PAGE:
Errors in streaming often require deep knowledge that system specialsts and developers have, but getting them the data they need is often an uphill struggle. This video shows ways in which we can short circuit this problem showing some approaches that Bitmovin is taking to get the data to the right people. Bitmovin announced, yesterday, €25M of further investment in the company. We’ve featured Bitmovin many times here on The Broadcast Knowledge talking about codecs, low-latency live streaming or super-resolution. Reading through this full list makes it clear that Bitmovin’s interested in the whole chain from encode to delivery.
Christoph Prager sets the scene looking at an analysis of errors showing that only 15% have a clear reason with 65% being ambiguous. If an error’s ambiguous, you need data to drill into it and disambiguate the situation. This is exacerbated by the standard aggregate metrics which make getting to the root cause very difficult. Definitions of ‘buffering percentage’ and ‘startup time’ are very useful to gauge the scale of an issue or to find there’s even a problem to begin with. But for developers, they are like the foreword to the book they need to read to find the problem. This has led Bitmovin to think from the angle that errors are a lot more obvious when you have the data.
Daniel Hölbling-Inzko takes us through Bitmovin’s new features to expose data surrounding errors. Whilst these will be coming to Bitmovin products, they show what a useful set of tools for debugging would be and can inspire the same in your platform if you are able to customise those aspects of it. Daniel points out that the right detailed information can be useful to customer support, but it’s the deeper information that he’s interested it. Bitmovin can collate all the stack traces from problem places but also track segments from the time there was an error.
Segment tracking shows the status, type, download speed, time to first byte and the size of each of 10 segments from around the time the error was collected. Viewing these can help see trends such as diminishing bandwidth or just simply show that a problem happened abruptly. Daniel talks through three errors where segment tracking can help you pinpoint problems: ‘NETWORK_SEGMENT_DOWNLOAD_TIMEOUT’, ‘ANALYTICS_BUFFERING_TIMEOUT’ and ‘DRM: license request failed’. Because the requests are now split out individually it makes it easy to see where the 403 error is that is stopping the DRM or how the internet speed is dropping resulting in an analytics timeout. Daniel highlights that it’s the trends that are usually the most important part.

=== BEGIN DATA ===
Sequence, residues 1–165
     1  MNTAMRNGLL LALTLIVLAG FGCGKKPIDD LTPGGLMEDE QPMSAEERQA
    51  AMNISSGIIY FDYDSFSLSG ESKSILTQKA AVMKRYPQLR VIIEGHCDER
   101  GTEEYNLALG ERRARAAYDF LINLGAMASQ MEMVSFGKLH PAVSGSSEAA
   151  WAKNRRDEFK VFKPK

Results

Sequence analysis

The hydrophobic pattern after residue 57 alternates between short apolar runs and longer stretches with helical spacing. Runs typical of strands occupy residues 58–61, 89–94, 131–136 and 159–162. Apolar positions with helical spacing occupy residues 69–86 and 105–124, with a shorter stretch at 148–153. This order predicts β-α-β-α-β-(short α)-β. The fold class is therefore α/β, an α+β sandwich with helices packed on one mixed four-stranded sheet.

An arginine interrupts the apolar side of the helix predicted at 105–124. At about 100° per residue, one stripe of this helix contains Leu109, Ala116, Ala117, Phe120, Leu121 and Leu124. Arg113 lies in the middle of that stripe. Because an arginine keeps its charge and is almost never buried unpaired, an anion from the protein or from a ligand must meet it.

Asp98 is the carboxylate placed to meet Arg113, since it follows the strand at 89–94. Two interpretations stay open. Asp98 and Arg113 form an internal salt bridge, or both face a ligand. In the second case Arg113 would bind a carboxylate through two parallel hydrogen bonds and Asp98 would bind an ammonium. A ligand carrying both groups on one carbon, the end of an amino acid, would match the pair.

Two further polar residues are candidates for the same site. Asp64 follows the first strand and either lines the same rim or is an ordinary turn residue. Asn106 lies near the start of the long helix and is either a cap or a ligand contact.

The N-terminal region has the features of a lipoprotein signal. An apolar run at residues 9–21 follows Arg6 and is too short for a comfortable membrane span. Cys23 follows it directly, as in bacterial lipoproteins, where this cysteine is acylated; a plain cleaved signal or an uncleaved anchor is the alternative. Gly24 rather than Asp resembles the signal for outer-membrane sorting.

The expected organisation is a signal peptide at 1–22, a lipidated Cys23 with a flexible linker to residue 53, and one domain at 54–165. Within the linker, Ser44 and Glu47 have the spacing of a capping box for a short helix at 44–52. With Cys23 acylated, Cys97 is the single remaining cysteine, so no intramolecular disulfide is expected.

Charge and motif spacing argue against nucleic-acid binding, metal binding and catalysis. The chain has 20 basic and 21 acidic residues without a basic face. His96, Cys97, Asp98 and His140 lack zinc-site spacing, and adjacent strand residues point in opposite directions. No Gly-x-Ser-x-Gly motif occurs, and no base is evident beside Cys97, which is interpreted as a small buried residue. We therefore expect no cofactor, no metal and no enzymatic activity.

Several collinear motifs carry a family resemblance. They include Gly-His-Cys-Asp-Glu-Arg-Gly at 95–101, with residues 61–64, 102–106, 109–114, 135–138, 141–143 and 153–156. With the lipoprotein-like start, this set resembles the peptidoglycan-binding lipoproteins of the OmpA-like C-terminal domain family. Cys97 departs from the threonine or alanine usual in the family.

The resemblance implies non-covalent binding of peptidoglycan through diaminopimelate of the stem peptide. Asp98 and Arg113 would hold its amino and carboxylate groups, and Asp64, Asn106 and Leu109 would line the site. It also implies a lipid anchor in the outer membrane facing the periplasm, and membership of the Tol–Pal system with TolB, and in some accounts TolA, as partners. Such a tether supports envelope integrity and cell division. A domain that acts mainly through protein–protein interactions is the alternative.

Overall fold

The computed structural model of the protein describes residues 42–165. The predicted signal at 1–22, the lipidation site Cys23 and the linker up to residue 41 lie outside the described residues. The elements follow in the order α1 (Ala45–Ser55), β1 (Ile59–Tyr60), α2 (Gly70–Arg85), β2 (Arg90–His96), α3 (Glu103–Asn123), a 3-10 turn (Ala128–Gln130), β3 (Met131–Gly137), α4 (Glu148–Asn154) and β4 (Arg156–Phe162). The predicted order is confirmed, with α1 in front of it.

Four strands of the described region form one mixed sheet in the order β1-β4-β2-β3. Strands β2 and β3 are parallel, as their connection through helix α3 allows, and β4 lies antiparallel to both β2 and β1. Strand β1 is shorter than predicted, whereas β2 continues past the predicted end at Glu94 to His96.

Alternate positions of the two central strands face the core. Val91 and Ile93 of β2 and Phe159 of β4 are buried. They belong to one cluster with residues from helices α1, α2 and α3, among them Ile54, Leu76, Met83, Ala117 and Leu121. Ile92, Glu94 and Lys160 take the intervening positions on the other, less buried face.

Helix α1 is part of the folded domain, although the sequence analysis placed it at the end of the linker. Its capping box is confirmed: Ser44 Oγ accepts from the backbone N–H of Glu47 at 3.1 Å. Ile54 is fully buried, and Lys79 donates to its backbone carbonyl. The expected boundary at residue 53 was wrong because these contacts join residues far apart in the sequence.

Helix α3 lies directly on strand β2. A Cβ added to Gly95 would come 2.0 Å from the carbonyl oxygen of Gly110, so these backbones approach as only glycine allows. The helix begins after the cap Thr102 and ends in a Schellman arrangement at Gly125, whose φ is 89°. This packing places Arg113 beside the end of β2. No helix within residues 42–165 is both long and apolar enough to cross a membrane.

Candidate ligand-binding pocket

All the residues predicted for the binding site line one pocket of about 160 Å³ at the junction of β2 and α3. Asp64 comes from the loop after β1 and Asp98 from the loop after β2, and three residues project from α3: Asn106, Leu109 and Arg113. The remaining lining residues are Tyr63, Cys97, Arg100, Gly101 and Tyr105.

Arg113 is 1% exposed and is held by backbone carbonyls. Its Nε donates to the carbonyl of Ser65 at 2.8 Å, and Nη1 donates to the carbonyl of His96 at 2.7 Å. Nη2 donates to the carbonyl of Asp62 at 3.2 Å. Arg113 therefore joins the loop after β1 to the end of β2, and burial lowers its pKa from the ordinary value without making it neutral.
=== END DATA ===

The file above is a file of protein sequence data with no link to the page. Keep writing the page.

Part II in this Cisco series on PTP, Precision Time Protocol, focuses on Boundary Clocks and Transparent Clocks. Last week we heard how PTP maintains accurate time by calculating the delay between clocks and the grandmaster clock which is the source of time for the network. This video summarises how to distribute that source of time to all your devices and how to choose between the two methods.
Albert Mitchell from Cisco explains that transparent clocks are just that, they transparently let the timing data flow through. All they do is update the timestamps on the outgoing packets to compensate for the extra time getting through the switch. A boundary clock (BC), however, is a source of time of itself but gets its time from the grandmaster like any other clock. Acting in this dual way, it creates the boundary it’s named after. It’s a boundary because it provides time to other end devices on the network, These devices never see the grandmaster, they only see the BC. Likewise, the grandmaster only sees the BC acting like any ordinary clock sending delay requests. This means that the boundary clock can shield the grandmaster from the rest of the devices on the network. A grandmaster with 10 boundary clocks can deliver time to over a thousand endpoints without a problem. Without the boundary clocks, the grandmaster may not be able to handle the two-way conversations necessary with so many clocks.
For broadcast networks, boundary clocks are preferred as they enable easier diagnosis and can reduce the blast radius of problems. Importantly they can span multiple VLANs. Other benefits are that they filter packet delay variation and shields the downstream/following clocks from any transient changes in the grandmasters. The downside of BCs is that they do add small errors to the timing which can add up if multiple BCs are concatenated.
Transparent clocks, on the other hand, don’t help with scalability like BCs and are limited to single VLANs. On the plus side, they require no configuration and provide faster convergence.